The Consumer Financial Protection Bureau headquarters in Washington.
Samuel Corum/Bloomberg via Getty Images
WASHINGTON — The nation’s federal consumer protection watchdog announced Wednesday that companies will refund $140 million to customers as a result of its work to uncover illegal so-called junk fees.
“The [Consumer Financial Protection Bureau] continues to uncover junk fee scams that violate the law and undermine consumer trust,” CFPB Director Rohit Chopra said in a statement. We will continue to combat the illegal fees cropping up in consumer finance markets.
The bureau on Wednesday released a report of supervisory highlights in tandem with the Biden administration’s newly announced policies targeting junk fees across industries. The report outlines the CFPB’s examination of fees related to deposit accounts — including overdraft and nonsufficient funds — auto loans and remittances between February and August 2023.
Financial institutions that hit customers with surprise overdraft and NSF fees account for $120 million of the $140 million that companies will reportedly refund to consumers following the March edition of the report, the CFPB found.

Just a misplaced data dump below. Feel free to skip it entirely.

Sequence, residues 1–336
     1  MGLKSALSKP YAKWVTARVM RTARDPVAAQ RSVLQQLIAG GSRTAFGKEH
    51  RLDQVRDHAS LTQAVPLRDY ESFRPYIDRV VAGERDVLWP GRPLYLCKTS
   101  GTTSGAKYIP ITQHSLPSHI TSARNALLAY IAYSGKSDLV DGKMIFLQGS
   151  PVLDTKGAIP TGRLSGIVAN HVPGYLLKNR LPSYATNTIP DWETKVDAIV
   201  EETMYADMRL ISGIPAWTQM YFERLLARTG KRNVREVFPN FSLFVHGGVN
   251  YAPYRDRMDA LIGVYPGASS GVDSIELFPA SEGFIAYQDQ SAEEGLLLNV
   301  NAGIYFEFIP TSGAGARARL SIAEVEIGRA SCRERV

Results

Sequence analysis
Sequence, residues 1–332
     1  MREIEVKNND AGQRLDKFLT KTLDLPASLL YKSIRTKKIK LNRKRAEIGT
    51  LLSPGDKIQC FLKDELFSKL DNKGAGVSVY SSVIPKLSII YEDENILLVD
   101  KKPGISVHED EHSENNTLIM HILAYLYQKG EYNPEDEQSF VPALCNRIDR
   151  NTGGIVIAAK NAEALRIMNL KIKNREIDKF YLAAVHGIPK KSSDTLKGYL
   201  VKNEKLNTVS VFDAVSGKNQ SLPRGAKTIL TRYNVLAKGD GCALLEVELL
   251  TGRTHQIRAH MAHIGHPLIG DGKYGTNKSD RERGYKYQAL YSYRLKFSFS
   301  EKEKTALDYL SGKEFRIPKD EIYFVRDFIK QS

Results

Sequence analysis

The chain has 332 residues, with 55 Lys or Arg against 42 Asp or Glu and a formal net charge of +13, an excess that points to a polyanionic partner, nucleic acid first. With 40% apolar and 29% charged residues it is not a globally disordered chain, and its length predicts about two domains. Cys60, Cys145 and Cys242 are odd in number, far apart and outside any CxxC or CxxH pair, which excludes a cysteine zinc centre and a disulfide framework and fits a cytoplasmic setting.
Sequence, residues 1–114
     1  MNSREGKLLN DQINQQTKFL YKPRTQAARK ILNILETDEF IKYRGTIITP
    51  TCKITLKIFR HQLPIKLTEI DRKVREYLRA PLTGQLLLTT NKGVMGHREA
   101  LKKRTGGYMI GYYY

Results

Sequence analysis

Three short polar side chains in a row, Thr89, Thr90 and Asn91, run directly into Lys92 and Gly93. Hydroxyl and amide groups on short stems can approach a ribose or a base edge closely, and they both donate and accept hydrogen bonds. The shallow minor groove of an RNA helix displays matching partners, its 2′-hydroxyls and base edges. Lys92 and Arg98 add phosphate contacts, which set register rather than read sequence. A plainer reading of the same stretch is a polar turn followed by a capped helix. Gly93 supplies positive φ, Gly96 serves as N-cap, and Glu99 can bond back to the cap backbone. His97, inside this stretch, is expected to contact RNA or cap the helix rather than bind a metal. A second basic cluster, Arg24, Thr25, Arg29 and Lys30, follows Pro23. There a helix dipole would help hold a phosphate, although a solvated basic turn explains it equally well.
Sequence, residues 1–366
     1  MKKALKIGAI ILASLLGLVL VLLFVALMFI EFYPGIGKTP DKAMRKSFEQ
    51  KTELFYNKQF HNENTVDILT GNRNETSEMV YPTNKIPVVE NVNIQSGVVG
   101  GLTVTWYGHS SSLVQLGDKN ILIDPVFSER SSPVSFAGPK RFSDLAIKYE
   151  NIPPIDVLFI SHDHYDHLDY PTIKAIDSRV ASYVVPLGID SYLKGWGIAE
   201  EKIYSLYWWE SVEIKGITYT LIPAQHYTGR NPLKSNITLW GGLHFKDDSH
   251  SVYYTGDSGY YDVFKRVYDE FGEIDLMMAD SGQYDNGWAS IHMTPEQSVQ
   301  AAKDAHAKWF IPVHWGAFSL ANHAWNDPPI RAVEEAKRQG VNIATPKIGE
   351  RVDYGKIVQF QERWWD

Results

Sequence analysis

Nearly two-thirds of banks with more than $10 billion in assets have also eliminated NSF fees, saving customers nearly $2 billion a year, according to a separate report released Wednesday.
Violations included in the supervisory highlights include monthly fees for paper bank statements that were never printed or mailed, charges for nonapplicable add-on services for car loans and undisclosed fees and failed remittances for international money transfers.
The CFPB has also directed service providers that process deposit, payment and data services for banks to stop contributing to violations. In one example from the report, a provider miscalculated refunds for add-on products for auto loans that were terminated early.
The report also briefly touches on transaction fees applied to student meal accounts. The CFPB has notified concerned parties that free alternatives are mandated under financial protection laws.
The companies that were part of the investigation were not identified in the report, but the CFPB has taken actions against Bank of America for repeatedly charging some fees and Wells Fargo for surprise overdraft fees.
Bank of America spokesman Bill Halldin said in a response that the lender “voluntarily reduced overdraft fees and eliminated all non-sufficient fund fees in the first half of 2022,” resulting in a 90% drop in revenue from those fees. Wells said it was “pleased to bring closure” to the banking, auto and mortgage issues found by the agency.